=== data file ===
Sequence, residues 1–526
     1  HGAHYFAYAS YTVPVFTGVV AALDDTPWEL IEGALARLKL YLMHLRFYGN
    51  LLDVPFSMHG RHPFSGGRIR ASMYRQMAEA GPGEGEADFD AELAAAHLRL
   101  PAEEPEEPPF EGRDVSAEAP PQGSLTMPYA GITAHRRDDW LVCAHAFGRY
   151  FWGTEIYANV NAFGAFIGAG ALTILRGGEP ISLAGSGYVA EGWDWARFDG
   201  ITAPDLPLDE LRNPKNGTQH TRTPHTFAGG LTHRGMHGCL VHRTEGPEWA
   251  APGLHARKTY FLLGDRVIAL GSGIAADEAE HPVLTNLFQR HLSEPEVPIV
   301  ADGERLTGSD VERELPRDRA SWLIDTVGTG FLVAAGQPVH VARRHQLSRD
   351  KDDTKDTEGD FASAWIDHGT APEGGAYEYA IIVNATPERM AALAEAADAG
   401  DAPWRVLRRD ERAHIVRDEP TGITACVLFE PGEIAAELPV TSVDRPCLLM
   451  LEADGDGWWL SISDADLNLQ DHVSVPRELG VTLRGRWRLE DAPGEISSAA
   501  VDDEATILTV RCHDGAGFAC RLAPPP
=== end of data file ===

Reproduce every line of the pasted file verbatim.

Sequence, residues 1–526
     1  HGAHYFAYAS YTVPVFTGVV AALDDTPWEL IEGALARLKL YLMHLRFYGN
    51  LLDVPFSMHG RHPFSGGRIR ASMYRQMAEA GPGEGEADFD AELAAAHLRL
   101  PAEEPEEPPF EGRDVSAEAP PQGSLTMPYA GITAHRRDDW LVCAHAFGRY
   151  FWGTEIYANV NAFGAFIGAG ALTILRGGEP ISLAGSGYVA EGWDWARFDG
   201  ITAPDLPLDE LRNPKNGTQH TRTPHTFAGG LTHRGMHGCL VHRTEGPEWA
   251  APGLHARKTY FLLGDRVIAL GSGIAADEAE HPVLTNLFQR HLSEPEVPIV
   301  ADGERLTGSD VERELPRDRA SWLIDTVGTG FLVAAGQPVH VARRHQLSRD
   351  KDDTKDTEGD FASAWIDHGT APEGGAYEYA IIVNATPERM AALAEAADAG
   401  DAPWRVLRRD ERAHIVRDEP TGITACVLFE PGEIAAELPV TSVDRPCLLM
   451  LEADGDGWWL SISDADLNLQ DHVSVPRELG VTLRGRWRLE DAPGEISSAA
   501  VDDEATILTV RCHDGAGFAC RLAPPP